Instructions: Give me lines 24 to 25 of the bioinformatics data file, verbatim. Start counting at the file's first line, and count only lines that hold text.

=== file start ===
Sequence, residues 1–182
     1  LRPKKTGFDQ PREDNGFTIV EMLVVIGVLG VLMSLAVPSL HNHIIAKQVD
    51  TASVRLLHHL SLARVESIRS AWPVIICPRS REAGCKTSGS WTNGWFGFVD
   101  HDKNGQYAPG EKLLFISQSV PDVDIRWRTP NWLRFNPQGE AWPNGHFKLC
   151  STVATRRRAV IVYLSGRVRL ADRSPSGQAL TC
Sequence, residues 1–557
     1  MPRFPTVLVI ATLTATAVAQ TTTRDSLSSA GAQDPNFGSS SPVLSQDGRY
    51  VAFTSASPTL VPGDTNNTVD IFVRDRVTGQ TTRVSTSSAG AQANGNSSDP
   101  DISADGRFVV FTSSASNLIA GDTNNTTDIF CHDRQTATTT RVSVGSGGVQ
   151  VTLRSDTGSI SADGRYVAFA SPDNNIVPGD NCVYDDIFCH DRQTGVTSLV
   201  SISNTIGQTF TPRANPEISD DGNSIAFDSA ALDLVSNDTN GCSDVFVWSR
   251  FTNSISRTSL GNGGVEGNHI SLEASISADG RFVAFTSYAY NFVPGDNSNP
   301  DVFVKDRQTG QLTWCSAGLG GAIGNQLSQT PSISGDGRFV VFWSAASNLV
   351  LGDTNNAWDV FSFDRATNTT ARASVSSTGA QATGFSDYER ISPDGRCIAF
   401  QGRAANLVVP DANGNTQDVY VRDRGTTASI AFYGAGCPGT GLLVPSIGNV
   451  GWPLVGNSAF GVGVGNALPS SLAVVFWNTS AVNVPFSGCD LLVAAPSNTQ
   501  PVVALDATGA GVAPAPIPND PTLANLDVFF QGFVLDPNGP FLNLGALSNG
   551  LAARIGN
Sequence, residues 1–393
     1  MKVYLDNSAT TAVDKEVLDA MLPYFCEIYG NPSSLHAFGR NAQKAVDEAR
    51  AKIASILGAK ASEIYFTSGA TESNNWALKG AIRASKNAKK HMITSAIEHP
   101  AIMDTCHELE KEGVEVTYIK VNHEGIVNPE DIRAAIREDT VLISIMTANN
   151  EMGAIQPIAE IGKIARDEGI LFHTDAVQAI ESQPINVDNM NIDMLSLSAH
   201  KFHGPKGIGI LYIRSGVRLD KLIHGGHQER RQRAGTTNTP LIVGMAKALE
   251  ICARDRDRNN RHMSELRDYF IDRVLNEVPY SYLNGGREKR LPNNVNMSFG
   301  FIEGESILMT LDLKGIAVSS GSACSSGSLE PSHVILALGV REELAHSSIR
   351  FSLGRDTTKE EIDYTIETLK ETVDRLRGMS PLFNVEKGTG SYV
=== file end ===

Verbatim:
   201  KFHGPKGIGI LYIRSGVRLD KLIHGGHQER RQRAGTTNTP LIVGMAKALE
   251  ICARDRDRNN RHMSELRDYF IDRVLNEVPY SYLNGGREKR LPNNVNMSFG